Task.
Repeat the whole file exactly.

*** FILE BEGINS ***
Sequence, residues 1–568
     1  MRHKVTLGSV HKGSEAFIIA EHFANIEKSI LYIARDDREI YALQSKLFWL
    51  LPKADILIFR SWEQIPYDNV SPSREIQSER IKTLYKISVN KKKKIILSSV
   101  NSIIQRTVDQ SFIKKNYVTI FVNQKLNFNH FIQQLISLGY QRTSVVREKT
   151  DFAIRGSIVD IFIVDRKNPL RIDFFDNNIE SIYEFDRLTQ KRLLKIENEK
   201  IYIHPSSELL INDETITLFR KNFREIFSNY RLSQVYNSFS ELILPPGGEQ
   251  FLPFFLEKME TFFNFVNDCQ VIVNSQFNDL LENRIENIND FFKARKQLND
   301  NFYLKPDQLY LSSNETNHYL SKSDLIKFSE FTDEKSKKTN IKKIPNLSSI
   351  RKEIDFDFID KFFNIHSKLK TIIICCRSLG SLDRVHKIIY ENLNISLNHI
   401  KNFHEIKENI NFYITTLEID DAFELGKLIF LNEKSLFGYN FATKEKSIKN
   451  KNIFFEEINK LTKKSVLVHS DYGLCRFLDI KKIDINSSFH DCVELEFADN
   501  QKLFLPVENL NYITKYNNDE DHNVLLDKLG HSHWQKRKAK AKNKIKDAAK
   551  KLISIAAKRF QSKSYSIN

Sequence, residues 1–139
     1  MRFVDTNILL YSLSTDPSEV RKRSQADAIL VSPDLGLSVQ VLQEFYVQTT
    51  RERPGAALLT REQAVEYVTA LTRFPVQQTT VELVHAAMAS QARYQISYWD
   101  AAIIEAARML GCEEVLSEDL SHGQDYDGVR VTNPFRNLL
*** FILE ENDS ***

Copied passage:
Sequence, residues 1–568
     1  MRHKVTLGSV HKGSEAFIIA EHFANIEKSI LYIARDDREI YALQSKLFWL
    51  LPKADILIFR SWEQIPYDNV SPSREIQSER IKTLYKISVN KKKKIILSSV
   101  NSIIQRTVDQ SFIKKNYVTI FVNQKLNFNH FIQQLISLGY QRTSVVREKT
   151  DFAIRGSIVD IFIVDRKNPL RIDFFDNNIE SIYEFDRLTQ KRLLKIENEK
   201  IYIHPSSELL INDETITLFR KNFREIFSNY RLSQVYNSFS ELILPPGGEQ
   251  FLPFFLEKME TFFNFVNDCQ VIVNSQFNDL LENRIENIND FFKARKQLND
   301  NFYLKPDQLY LSSNETNHYL SKSDLIKFSE FTDEKSKKTN IKKIPNLSSI
   351  RKEIDFDFID KFFNIHSKLK TIIICCRSLG SLDRVHKIIY ENLNISLNHI
   401  KNFHEIKENI NFYITTLEID DAFELGKLIF LNEKSLFGYN FATKEKSIKN
   451  KNIFFEEINK LTKKSVLVHS DYGLCRFLDI KKIDINSSFH DCVELEFADN
   501  QKLFLPVENL NYITKYNNDE DHNVLLDKLG HSHWQKRKAK AKNKIKDAAK
   551  KLISIAAKRF QSKSYSIN

Sequence, residues 1–139
     1  MRFVDTNILL YSLSTDPSEV RKRSQADAIL VSPDLGLSVQ VLQEFYVQTT
    51  RERPGAALLT REQAVEYVTA LTRFPVQQTT VELVHAAMAS QARYQISYWD
   101  AAIIEAARML GCEEVLSEDL SHGQDYDGVR VTNPFRNLL